Their sound bridged sixties soul and the arrival of funk and disco. Gamble once said someone told him they’d “put the bow tie on funk.” During the 1970s, they arguably dethroned Motown as the kings of R&B, selling millions of records, and in 2005, they were inducted into the Rock and Roll Hall of Fame.
“They found a way to marry the Motown machine with the Stax grit,” says Mark Anthony Neal, a professor of African and African-American Studies at Duke University. “So you get this sound on one level that is glossy and smooth, but at the same time it kind of burns the way we think about Stax.”
Gamble admired Motown, which he calls “the greatest record company that’s ever been in the business.” He and Huff set up a house studio band, MFSB (Mother, Father, Sister, Brother), like Motown’s Funk Brothers. The band featured the rhythm section from the Romeos, a band Huff, Gamble and producer and writer Thom Bell played with on weekends, a group of horns they saw playing a local theater, and a string section composed of retirees from the Philadelphia Orchestra. MFSB’s palette was broader, more ambitious. Mono sound and a focus on hit singles had given way to stereo and the album format. “Stereo was worlds away,” Gamble says. “The music sounds so much better.”
They found seasoned artists and transformed them into national acts. The O’Jays had been around for a decade. Harold Melvin and the Blue Notes had been singing for 15 years. Billy Paul was a star only in the Philadelphia-New York corridor. “They knew how to package certain kinds of artists in certain ways,” Neal says. “One of their really big early hits was Billy Paul’s ‘Me and Mrs. Jones.’ What’s more mainstream than a tale about infidelity?”
Like Berry Gordy at Motown, Gamble and Huff set up competing teams of writers. Walter Williams of the O’Jays recalls going to Philadelphia to record (two albums per year in those days) and listening to 40 or 50 songs auditioning for an album. They’d narrow them to 15 or 20 to rehearse extensively and cut in the studio, and then 8, 9 or 10 would make the record.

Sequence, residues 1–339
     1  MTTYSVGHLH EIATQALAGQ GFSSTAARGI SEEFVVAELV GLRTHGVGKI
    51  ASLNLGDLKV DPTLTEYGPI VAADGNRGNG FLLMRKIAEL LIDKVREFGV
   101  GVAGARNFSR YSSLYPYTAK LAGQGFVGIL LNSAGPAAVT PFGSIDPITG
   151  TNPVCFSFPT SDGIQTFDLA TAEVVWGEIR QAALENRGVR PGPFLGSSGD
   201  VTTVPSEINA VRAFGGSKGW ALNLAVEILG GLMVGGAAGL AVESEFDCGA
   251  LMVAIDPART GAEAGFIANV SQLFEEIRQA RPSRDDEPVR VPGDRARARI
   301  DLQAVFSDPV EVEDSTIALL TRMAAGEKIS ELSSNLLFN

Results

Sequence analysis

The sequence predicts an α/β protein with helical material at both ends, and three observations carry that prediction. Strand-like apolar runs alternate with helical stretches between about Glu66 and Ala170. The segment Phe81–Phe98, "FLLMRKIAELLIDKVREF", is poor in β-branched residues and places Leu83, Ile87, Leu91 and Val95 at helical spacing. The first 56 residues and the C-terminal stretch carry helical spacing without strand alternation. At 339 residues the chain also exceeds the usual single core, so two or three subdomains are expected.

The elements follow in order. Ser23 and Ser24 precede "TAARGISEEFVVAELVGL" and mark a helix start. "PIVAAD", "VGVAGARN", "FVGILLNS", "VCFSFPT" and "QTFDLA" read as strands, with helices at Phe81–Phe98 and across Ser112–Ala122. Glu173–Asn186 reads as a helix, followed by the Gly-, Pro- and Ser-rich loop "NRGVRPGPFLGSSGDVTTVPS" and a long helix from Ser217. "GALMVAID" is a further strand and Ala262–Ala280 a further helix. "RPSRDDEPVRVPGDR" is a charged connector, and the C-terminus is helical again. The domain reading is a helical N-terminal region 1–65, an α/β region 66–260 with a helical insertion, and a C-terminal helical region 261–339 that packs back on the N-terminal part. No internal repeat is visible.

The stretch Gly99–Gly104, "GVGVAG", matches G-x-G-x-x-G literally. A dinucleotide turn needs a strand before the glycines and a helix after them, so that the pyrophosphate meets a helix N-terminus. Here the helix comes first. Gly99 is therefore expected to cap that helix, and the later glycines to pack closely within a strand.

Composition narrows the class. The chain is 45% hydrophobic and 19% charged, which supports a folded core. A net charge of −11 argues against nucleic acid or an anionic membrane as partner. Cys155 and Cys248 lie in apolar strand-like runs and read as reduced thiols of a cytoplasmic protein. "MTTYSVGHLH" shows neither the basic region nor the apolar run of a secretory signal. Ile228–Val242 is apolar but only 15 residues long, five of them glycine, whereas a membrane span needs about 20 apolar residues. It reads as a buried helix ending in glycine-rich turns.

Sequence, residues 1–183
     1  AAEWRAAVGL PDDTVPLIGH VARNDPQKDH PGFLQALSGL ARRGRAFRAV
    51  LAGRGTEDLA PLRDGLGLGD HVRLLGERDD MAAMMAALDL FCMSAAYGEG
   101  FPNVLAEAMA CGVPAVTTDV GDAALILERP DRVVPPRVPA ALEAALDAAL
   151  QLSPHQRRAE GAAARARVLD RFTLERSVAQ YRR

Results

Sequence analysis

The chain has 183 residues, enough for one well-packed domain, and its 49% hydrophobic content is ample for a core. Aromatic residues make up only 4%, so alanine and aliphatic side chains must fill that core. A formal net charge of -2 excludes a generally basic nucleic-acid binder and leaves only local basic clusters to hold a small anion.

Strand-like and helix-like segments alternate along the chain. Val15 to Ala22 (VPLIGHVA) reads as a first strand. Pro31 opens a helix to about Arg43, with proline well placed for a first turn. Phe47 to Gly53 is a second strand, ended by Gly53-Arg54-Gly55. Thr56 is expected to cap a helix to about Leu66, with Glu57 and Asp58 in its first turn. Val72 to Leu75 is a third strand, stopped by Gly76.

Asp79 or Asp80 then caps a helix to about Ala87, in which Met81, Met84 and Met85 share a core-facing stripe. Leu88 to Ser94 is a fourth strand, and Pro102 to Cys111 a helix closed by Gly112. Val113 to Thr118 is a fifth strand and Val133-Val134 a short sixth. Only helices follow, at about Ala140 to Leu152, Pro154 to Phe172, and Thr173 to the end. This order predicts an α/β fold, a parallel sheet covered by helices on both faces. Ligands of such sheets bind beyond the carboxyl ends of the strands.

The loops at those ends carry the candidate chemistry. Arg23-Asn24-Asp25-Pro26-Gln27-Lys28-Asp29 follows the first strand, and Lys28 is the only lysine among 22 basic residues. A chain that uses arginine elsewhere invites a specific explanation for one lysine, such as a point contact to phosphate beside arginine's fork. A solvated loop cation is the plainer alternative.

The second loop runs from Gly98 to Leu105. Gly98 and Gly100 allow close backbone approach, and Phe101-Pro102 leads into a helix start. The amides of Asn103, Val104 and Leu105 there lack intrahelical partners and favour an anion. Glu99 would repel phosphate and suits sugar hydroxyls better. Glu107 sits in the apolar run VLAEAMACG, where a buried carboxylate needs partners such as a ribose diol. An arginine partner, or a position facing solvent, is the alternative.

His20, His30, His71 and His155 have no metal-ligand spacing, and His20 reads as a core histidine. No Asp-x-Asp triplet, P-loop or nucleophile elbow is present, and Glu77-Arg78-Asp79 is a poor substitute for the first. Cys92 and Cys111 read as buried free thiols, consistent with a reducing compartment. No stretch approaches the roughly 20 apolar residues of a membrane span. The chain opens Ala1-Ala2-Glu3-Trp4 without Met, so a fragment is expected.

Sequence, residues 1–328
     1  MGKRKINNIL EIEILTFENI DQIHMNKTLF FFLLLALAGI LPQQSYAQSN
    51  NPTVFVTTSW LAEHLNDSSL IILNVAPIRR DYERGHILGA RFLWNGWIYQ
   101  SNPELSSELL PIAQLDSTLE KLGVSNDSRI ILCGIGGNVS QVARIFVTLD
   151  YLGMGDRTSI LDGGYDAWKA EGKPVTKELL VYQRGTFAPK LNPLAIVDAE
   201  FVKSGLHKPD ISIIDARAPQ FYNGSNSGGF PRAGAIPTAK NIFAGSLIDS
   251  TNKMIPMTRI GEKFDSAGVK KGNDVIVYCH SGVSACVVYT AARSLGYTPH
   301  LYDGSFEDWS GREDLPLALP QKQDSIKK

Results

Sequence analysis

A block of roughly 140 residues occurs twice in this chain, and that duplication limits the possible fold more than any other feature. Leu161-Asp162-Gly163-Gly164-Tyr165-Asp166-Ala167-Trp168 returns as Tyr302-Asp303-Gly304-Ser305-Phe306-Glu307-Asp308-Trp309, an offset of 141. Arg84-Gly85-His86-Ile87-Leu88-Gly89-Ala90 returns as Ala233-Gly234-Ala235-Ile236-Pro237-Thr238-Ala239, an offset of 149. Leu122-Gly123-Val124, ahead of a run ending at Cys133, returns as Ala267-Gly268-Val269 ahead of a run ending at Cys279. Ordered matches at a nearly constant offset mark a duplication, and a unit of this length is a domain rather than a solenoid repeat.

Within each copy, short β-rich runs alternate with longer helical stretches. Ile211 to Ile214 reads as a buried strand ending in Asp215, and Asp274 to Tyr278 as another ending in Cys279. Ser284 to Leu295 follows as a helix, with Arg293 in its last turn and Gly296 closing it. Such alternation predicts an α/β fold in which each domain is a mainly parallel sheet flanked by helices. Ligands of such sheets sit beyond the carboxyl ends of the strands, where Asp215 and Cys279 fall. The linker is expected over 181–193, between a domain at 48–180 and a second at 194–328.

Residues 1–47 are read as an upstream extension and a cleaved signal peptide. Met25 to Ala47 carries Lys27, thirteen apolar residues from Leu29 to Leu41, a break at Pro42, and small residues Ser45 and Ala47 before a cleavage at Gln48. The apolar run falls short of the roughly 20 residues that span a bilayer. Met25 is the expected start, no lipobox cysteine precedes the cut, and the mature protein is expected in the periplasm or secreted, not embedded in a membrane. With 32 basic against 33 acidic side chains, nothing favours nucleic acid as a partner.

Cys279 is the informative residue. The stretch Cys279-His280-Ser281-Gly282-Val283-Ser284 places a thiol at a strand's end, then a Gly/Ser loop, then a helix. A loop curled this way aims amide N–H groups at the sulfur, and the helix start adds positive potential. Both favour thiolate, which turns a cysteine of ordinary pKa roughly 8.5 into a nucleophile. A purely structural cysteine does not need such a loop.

How involved were Gamble and Huff? “Like they might have been the fourth and fifth member of the group,” Williams recalls. “If Kenny wanted it sung a certain way, he would actually sing it for you. I would always try to outdo him. I’d sing it better and put more into it.”
There was a formula to the albums, Gamble says. “We would pick three or four songs with social messages and three or four songs that were nothing but dance, party songs, then we’d have three or four that were lush ballads, love songs. We tried to write songs that people would relate to for years to come.”
While the business model was based on Motown, the message was different. “This is a black-owned company, but unlike Motown this is a black-owned company that is going to put its politics into the music,” Neal says.
The songs had titles like “For the Love of Money,” “Only the Strong Survive,” “Am I Black Enough for You,” “Wake Up Everybody” and “Love Is the Message.” Neal is partial to “Be for Real,” a Harold Melvin cut that opens with singer Teddy Pendergrass lecturing a girlfriend about her desire for empty possessions. Gamble likes “Ship Ahoy,” a tune about African captives being transported during the slave trade that opens with the sound of whips cracking. Neal says PIR’s songs and artists endure because Gamble and Huff focused on making timeless music, not just making money.
“You cannot explain how you write a song,” Gamble says. “It comes from within your soul. You just pour out your feelings, whether it’s something you personally have gone through or a friend of yours has gone through or someone you didn’t even know.”